The Authority has typically defined an issue of public importance as something that would have a ‘significant potential impact on, or be of concern to, members of the New Zealand public’.3 A controversial issue is one which has topical currency and excites conflicting opinion or about which there has been ongoing public debate.4
 The focus of the broadcast in question was the history and current status of far-right and nationalist ideologies in New Zealand and internationally, and how they are aided by the internet. We find this to be a controversial issue of public importance, considering the level of public discourse this subject matter has received following the events of 15 March 2019.
 Further, we accept that this issue was ‘discussed’ as contemplated under the standard and that Insight is a ‘news, current affairs and factual programme’. On this basis, we agree that the balance standard applies and we now turn to whether RNZ made reasonable efforts to present significant points of view within the programme or in the period of current interest.
 The assessment of whether a reasonable range of other perspectives has been presented includes consideration of a number of factors, including:
- whether the programme purported to be a balanced examination of an issue
- whether the programme was clearly signalled as approaching a topic from a particular perspective
- whether the programme was narrowly focused on one aspect of a larger, complex debate
- whether listeners could reasonably be expected to be aware of views expressed in other coverage, including coverage in other media.
 Ultimately, the objective is to enable the audience to arrive at an informed and reasoned opinion (which is important to the operation of an open and democratic society).6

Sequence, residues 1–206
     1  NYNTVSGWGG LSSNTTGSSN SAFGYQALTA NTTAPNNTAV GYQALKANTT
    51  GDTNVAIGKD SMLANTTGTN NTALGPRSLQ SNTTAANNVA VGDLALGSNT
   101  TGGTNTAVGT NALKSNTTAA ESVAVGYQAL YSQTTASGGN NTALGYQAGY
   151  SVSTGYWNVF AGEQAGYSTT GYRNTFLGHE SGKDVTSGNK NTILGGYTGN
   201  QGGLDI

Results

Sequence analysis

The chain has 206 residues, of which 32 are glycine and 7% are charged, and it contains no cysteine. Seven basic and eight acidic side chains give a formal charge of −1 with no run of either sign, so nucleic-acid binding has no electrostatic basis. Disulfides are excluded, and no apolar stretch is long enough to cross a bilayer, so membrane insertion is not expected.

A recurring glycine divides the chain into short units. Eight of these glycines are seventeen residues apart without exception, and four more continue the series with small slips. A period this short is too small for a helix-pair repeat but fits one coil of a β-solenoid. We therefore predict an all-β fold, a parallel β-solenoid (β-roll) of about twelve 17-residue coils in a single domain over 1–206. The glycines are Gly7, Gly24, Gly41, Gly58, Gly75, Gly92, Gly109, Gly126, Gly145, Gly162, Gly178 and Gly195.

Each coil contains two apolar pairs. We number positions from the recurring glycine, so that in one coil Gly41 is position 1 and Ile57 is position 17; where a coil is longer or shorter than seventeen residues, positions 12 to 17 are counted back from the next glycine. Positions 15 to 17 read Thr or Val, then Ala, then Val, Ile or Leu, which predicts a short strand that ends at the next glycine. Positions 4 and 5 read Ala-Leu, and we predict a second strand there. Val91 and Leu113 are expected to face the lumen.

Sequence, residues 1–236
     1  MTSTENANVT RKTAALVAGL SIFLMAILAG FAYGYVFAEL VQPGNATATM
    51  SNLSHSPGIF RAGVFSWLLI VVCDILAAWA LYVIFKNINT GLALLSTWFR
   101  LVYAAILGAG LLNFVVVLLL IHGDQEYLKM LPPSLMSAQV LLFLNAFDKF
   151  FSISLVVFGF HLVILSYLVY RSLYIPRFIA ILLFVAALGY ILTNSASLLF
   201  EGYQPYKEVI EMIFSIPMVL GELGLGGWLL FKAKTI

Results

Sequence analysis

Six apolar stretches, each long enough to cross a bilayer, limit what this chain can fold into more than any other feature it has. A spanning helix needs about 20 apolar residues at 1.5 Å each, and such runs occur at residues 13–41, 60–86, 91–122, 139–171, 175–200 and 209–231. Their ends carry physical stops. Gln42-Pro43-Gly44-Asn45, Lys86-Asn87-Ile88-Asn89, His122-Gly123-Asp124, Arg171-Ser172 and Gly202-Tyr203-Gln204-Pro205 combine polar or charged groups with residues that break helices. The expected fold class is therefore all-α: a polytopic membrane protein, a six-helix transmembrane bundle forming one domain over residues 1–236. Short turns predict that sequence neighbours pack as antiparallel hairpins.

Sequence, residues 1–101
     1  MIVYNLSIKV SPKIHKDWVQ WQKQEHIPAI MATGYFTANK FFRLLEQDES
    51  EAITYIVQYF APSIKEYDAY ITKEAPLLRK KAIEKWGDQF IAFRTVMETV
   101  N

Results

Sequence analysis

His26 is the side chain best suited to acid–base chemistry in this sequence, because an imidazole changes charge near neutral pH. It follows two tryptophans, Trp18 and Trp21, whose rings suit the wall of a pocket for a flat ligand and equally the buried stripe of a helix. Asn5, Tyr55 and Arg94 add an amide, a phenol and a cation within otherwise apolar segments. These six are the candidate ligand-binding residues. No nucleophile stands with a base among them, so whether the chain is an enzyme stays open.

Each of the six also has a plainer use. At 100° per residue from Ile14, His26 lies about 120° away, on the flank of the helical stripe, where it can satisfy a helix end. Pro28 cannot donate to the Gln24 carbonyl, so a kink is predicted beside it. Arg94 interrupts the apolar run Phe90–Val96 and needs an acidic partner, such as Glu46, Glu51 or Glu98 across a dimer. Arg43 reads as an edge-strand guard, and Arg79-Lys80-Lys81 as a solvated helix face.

In this case, we consider that objective was satisfied. This broadcast featured comment from not only Professor Spoonley, but also former National Front members and other notable far-right personalities regarding the history of the far-right in New Zealand and the current status of various ideologies. We consider this amounted to the presentation of a wide range of perspectives for the purposes of this standard.
 Therefore we do not uphold the complaint under the balance standard.
 The complainant submitted that the ‘program does not fairly define [its] subject’ and noted the vague nature of terms such as ‘alt-right’ and ‘white supremacist’. However, as described above, the fairness standard is intended to protect the dignity and reputation of persons and organisations featured in programmes and the complainant has not identified any person or organisation who he considers to have been treated unfairly in the programme.
 If Mr Hurley is submitting that members of the ‘alt-right’, ‘far right’, ‘white supremacists’ or ‘white nationalists’ have been treated unfairly, we do not consider such groups amount to an ‘organisation’ for the purposes of the fairness standard. As clearly identified in the programme, there are many different groups and sub-groups potentially falling within those categories, with a myriad of different motivations, views and approaches. They cannot be viewed as ‘one’ organisation. The Authority has previously found that a large group of people does not amount to an organisation for the purposes of this standard, simply because of their size or a shared characteristic.7
 As the complainant has not identified a person or organisation unfairly treated in the broadcast the fairness standard does not apply.
 Therefore we do not uphold the complaint under this standard.
For the above reasons the Authority does not uphold the complaints.
Signed for and on behalf of the Authority
Judge Bill Hastings
10 October 2019
The correspondence listed below was received and considered by the Authority when it determined this complaint:
1 John Hurley’s formal complaint – 29 April 2019
2 RNZ’s response to the complaint – 7 June 2019
3 Mr Hurley’s referral to the Authority – 27 June 2019
4 RNZ’s response to referral – 16 July 2019
5 Mr Hurley’s confirmation of proceeding with complaint – 8 August 2019
1 Commentary: Fairness, Broadcasting Standards in New Zealand Codebook, page 21
2 Guideline 8a
3 Commentary: Balance, Broadcasting Standards in New Zealand Codebook, page 18
4 As above
5 Guideline 8c
6 Commentary: Balance, Broadcasting Standards in New Zealand Codebook, page 18
7 See for example: Loder and Dennis and MediaWorks Radio Ltd, Decision No. 2018-011